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Updated Mar 12, 2014 - 8:06 pm

Explosion knocks down 2 NYC buildings, 2 dead

NEW YORK — A thunderous explosion apparently caused by a gas leak
flattened two East Harlem apartment buildings Wednesday, killing at least two
people, injuring more than 20 and leaving more than a dozen others missing. One
tenant said residents had complained repeatedly in recent weeks about
“unbearable” gas smells.

The fiery blast erupted about 9:30 a.m., around 15 minutes after a neighboring
resident reported smelling gas, authorities said. Con Ed said it immediately
sent utility workers to check out the report, but they didn’t arrive until it
was too late.

The explosion shattered windows a block away, hurled debris onto elevated
commuter railroad tracks close by, cast a plume of smoke over the skyline, and
sent people running into the streets.

The two five-story buildings on Park Avenue at 116th Street, not far from the
northeastern corner of Central Park, were reduced to a burning heap of broken
bricks, wood and metal.

“It felt like an earthquake had rattled my whole building,” said Waldemar
Infante, a porter who was working in a basement nearby. “There were glass
shards everywhere on the ground, and all the stores had their windows blown

Police said two women believed to be in their 40s were killed. One of those
hurt was reported in critical condition with head injuries. At least three of
the injured were children.

Fire officials said more than a dozen people were unaccounted for, but
cautioned that some may not have been in the building. Several hours after the
blast, firefighters were still dousing the flames with water, and rescue workers
had yet to venture into the debris to search for victims.

A tenant in one of the destroyed buildings, Ruben Borrero, said that residents
had complained to the landlord about the smell of gas as recently as Tuesday, a
day before the disaster.

A few weeks ago, Borrero said, city fire officials were called about the odor,
which he said was so bad that a tenant on the top floor broke open the door to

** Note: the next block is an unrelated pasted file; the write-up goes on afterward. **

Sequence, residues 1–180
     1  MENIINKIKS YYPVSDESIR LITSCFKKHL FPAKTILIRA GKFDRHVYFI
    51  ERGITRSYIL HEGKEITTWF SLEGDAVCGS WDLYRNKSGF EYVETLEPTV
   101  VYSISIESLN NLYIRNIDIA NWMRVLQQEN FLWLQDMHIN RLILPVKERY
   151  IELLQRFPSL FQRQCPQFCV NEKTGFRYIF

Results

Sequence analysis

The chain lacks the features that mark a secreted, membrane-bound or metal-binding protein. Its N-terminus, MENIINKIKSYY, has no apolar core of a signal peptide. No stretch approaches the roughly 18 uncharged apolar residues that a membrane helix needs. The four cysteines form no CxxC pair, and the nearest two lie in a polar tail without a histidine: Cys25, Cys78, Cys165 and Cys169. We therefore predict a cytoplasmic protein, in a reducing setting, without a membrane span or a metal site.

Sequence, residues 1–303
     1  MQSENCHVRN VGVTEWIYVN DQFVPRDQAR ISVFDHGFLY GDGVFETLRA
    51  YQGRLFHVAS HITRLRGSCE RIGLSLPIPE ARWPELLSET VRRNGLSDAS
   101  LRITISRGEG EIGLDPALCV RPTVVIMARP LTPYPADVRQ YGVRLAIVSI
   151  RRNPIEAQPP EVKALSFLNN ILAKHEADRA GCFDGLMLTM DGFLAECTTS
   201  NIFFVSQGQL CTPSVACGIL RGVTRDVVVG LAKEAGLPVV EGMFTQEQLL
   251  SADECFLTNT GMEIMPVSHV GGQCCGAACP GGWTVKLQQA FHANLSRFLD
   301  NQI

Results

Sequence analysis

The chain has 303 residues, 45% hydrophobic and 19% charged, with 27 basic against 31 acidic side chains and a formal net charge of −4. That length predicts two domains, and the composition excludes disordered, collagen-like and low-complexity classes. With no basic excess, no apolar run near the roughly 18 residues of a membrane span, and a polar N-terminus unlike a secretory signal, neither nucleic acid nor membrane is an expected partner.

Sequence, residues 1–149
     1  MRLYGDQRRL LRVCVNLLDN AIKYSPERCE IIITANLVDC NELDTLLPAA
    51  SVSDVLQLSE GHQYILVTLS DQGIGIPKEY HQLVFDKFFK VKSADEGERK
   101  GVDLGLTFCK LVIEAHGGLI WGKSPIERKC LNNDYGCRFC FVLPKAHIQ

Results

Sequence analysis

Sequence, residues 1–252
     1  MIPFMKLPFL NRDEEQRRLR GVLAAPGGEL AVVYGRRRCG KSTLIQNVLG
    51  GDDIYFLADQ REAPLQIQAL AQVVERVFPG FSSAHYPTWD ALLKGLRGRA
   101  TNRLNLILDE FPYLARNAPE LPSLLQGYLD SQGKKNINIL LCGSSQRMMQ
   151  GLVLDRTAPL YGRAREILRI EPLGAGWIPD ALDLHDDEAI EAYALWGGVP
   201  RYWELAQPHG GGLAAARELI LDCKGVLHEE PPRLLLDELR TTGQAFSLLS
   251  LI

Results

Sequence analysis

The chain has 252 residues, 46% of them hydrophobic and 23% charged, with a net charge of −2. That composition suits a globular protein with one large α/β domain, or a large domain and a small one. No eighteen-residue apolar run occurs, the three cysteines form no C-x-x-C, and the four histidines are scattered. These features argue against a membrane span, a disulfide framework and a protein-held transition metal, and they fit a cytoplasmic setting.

the roof for ventilation.

“It was unbearable,” said Borrero, who lived in a second-floor apartment with
his mother and sister, all of whom were away at the time of the explosion. “You
walk in the front door and you want to turn around and walk directly out.”

The Fire Department said it was checking its records for any gas complaints at
the building. As for Con Ed, spokesman Bob McGee said a preliminary review by
the utility found “nothing that indicates there was any call in the immediate
past from anyone on that block” before Wednesday.

The National Transportation Safety Board said it is sending a team to
investigate. The agency investigates pipeline accidents in addition to
transportation disasters.

Just before the explosion, a resident from a building next to the two that were
destroyed reported smelling gas inside his apartment and thought the odor might
be coming from outside, McGee said. Con Ed dispatched two crews two minutes
after the 9:15 a.m. call came in, McGee said.

The tragedy brought the neighborhood to a standstill as police set up
barricades to keep residents away. Thick, acrid smoke made people’s eyes water.
Some wore surgical masks, while others held their hands or scarves over their

Sidewalks were littered with broken glass. Witnesses said the blast was so
powerful it knocked groceries off store shelves.

One of the side-by-side buildings had a piano store on the first floor, the
other a storefront church. Building Department records don’t show any work in
progress at either address, but the building with the church had obtained
permits to install new gas pipes in June.

City records show that one of the buildings was owned by Kaoru Muramatsu,
proprietor of the piano business, Absolute Piano. A number listed for Muramatsu
rang unanswered.

The Metro-North commuter railroad, which serves 280,000 riders a day in New
York and Connecticut, suspended all train service to and from Grand Central
while the debris was removed from its tracks. Some of the tracks were later
reopened, and limited service resumed in the afternoon.

A resident of the one of the buildings, Eusebio Perez, heard news of the
explosion and hurried back from his job as a piano technician.

“There’s nothing left,” he said. “Just a bunch of bricks and wood.” He
added: “I only have what I’m wearing. I have to find a place to stay for
tonight and organize what’s going to be my next steps.”

A Red Cross center was set up at a public school, where about 50 people had
gathered, including some who were searching for loved ones.

The explosion destroyed everything Borrero’s family owned, including the ashes
of his father, who passed away a few years ago. Borrero said he assumes his
5-year-old terrier, Nina, was killed.

But “I have my mother and sister,” he said. “I’m happy for that.”


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